With two universities and several community colleges, it should come as no surprise that the Capital Region is a hub for young people. But the challenge is keeping them here once they’ve finished college and entered the professional world, as many tend to leave for bigger cities like Houston.
Conversations about how to attract and retain young talent continue among business leaders and local officials, and as a result, organizations for young professionals are recognizing their increasingly important role in the community.
“We’re one of the biggest voices in Baton Rouge,” says Forum 35 president Jessica Trepagnier. “If you want to be a part of the conversation, if you want to see change in your community, if you want to actually be able to affect the outcomes and see things operate and function differently—you have to be a part of the conversation.”
With Louisiana ranking low in opportunity, equality, economic growth and employment, according to US News & World Report, it’s hard for young people—who tend to be more attracted to quality of life indicators—to find a reason to stay put. And Trepagnier says she’s seen this firsthand.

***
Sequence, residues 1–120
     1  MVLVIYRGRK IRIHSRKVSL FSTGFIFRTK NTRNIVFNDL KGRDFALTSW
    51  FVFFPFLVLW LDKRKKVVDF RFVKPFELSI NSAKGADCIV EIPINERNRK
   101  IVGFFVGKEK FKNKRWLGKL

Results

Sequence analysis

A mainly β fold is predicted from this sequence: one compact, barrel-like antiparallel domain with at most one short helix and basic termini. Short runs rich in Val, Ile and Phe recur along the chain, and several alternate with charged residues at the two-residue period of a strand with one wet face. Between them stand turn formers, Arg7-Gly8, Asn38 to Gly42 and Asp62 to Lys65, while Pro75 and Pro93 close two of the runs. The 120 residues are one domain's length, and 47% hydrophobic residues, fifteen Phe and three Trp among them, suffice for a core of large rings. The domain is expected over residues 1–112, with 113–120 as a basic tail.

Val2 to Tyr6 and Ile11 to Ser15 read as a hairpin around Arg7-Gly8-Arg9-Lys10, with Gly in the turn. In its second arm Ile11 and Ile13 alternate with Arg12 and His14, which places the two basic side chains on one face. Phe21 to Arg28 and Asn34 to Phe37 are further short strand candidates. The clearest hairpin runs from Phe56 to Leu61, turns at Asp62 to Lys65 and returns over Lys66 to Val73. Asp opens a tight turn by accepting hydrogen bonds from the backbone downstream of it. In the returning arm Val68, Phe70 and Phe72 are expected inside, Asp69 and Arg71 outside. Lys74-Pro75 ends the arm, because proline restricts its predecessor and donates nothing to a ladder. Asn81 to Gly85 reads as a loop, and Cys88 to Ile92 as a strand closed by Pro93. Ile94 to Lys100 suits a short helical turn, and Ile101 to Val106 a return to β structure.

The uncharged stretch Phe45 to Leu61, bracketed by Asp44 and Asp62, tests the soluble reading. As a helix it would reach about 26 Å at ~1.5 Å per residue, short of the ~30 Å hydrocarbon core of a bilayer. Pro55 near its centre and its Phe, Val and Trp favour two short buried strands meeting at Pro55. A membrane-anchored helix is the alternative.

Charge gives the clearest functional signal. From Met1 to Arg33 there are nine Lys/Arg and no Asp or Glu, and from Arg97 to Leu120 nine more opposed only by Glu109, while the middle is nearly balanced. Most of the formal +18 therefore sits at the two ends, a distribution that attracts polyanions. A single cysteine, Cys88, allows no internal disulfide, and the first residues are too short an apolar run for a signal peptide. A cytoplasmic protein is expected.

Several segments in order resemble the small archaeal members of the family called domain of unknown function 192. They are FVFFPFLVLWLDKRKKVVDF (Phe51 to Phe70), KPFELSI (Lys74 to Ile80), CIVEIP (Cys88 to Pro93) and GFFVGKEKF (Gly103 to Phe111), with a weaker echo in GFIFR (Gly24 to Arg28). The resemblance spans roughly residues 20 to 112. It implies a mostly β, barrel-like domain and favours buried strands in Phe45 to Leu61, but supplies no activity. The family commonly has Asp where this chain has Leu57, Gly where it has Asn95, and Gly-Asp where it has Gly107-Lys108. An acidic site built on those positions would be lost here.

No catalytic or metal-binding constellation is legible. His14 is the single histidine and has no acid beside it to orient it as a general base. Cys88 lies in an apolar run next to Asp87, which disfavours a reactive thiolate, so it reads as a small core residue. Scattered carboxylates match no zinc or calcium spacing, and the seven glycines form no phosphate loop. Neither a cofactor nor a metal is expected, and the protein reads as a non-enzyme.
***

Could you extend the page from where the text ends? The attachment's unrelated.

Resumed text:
“It’s always going to come down to lack of opportunity,” she says. Even though she graduated from LSU during the financial crisis, Trepagnier took a job in Baton Rouge, despite offers from companies out of state. “But I also made a commitment to the city that I wasn’t going to leave,” she adds.
Young professionals groups provide networking, leadership and service opportunities for their members, allowing them to connect with the city even beyond just making business connections. For Forum 35—one of the largest of these organizations with about 200 members—some of these opportunities require sweat equity, like serving meals at the St. Vincent de Paul kitchen, restocking the pantry at the Greater Baton Rouge Food Bank and building gardens at public schools.
“To build a long-lasting career these days, it’s not just about what you’ve done inside your company,” says Meghann King, president of Club Blue, the young professionals group aligned with Boys and Girls Club of Baton Rouge. “Everyone’s looking for outside involvement.”